1. #1
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    Default Does your department's RIT teams go in with a hose line?

    The title pretty much says it all, also what is your departments reasoning. Some people in my dept think the RIT team should always go in with a charged hose line when attempting a rescue, they use that as an argument against buying search rope for the RIT team to use. To me it seems like you should have the option of rope or a hose line depending on the situation.

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    Upper management seems to think likewise. I like the idea of a can. I agree with your assessment, prima faci, according to conditions.

    The backup line is there to assist in suppression.

    What is the point with the hoseline? Shouldn't the objective be to put a line between the fire and those in harms way?

    If RIT is being employed, quick removal is the goal. If ya gotta fight fire and pull out the victim, ya ain't likely gonna do both at the same time...

    One team with a hose (if needed), and one team to rescue the downed member(s).

    Just my opinion..
    Last edited by Fireeaterbob; 12-07-2010 at 08:18 PM. Reason: spelling
    A coward stands by and watches wrongs committed without saying a word...Any opinions expressed are purely my own and not necessarily reflective of the views of my former departments

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    What if there's no fire, like at a collapse? Do they still think a line is needed? If an engine company calls a MAYDAY they should already have a line there. If the call for help is on a 4th-5th floor dragging a line takes time. Remember what the "R" stands for.
    Also, all calls for help are not in the fire area. You might be dragging in a tool you won't need, and leaving a needed one behind.

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    Personally, I like the idea of assigning an Engine Company to support the RIT if you have the resources. That way the RIT can focus on the rescue and the Engine Company can focus on protecting them and the downed FF(s) without specifically having to pull resources from suppression activities.

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    The people who say this (hose line with RIT) unfortunately are the people who have very little if any actual experience with RIT or truck ops for that matter.

    If they walked the walk and did this even once, they'd grasp that there is no place for dragging a hose line with you as well. R for rapid, I for intervention...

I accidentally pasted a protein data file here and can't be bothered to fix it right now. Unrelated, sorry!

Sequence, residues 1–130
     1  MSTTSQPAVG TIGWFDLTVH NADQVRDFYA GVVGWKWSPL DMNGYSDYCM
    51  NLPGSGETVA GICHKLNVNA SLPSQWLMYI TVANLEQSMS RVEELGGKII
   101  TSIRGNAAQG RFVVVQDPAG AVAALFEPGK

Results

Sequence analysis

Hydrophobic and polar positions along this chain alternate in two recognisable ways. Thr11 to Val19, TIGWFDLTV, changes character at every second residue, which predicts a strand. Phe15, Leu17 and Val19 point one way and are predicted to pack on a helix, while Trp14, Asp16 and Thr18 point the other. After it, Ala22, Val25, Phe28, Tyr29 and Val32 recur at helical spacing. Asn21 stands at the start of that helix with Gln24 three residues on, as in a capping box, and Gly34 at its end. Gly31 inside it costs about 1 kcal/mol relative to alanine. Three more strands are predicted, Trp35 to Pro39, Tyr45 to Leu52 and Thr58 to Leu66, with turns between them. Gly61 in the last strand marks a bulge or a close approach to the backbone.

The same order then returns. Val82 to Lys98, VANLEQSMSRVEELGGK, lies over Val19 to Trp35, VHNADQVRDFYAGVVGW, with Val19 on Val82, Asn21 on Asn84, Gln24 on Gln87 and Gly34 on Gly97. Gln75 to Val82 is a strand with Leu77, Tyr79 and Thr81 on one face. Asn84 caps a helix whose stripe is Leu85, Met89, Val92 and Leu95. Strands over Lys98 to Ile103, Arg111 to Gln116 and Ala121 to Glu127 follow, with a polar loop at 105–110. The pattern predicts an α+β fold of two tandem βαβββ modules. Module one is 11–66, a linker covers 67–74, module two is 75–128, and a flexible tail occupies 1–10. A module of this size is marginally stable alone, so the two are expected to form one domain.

RIT of all things is no place to cross the line between engine and rescue.

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    If needed additional manpower should be assigned to bring a line. The RIT team needs to be able to move quickly, also many instances my not even be helped by bringing a line.

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    Our policy is that all units will continue to operate and perform the task they were assigned unless an evacuation is called for.

    No, our FAST will not take a hoseline in with them (as a general rule).
    I am now a past chief and the views, opinions, and comments are mine and mine alone. I do not speak for any department or in any official capacity. Although, they would be smart to listen to me.

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    Quote Originally Posted by ChiefKN View Post
    Our policy is that all units will continue to operate and perform the task they were assigned unless an evacuation is called for.

    No, our FAST will not take a hoseline in with them (as a general rule).
    Same here.
    "This thread is being closed as it is off-topic and not related to the fire industry." - Isn't that what the Off Duty forum was for?

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    Cool How I Run RIT

    On my Crew if we are assigned RIT/RIC, we will pull a line and have it ready if needed. We are also a "Dynamic RIT" so we soften the building, perform our RIT 360, pull our tools, constantly update our position and move with the Fire Attack Team, throw ladders if the Fire Attack Team is operating on an upper floor and I give my Rescue Assignments before we are activated.

    If we are activated, if we are going to pass the bulk of the fire then we will take the hose line with us. If we are not going to encounter the fire, then we leave it. When we take the line, it is not for complete fire suppression it is for the protection of our Rescue Team and our Victim. Once the Rescue Team is out of the area, the line is left so that another Fire Attack Team can follow it and extinguish the fire.

    Crews that don't take the RIT/RIC Assignment seriously are a disappointment to me.....
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    Remembering a while back the terms RIT line and Backup line were blurred together. Just clarifying those are two separate lines.

    We drop a handline for the RIT team. It is not required to be taken in with the RIT team if they are deployed to rescue a firefighter. It is there if needed... say the mayday is for a crew who's egress is blocked by fire. Putting this line on the ground is a good tactic in my mind, as it saves time and effort later if needed quickly in an emergency. Again, it is not expected to enter with the team unless the situation dictates.
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    Quote Originally Posted by FireMedic049 View Post